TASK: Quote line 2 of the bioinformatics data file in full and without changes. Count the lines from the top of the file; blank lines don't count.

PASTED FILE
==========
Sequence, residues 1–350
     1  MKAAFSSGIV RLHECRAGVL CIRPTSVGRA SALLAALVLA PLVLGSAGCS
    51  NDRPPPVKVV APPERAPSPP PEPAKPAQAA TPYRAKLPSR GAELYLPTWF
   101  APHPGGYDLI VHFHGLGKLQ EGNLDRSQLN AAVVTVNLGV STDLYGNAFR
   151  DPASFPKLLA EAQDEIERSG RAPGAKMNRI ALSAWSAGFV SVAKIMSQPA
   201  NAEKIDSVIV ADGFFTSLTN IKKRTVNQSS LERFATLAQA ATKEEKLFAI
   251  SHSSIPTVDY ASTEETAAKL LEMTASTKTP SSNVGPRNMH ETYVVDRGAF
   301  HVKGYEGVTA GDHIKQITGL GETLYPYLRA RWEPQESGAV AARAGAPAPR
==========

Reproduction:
     1  MKAAFSSGIV RLHECRAGVL CIRPTSVGRA SALLAALVLA PLVLGSAGCS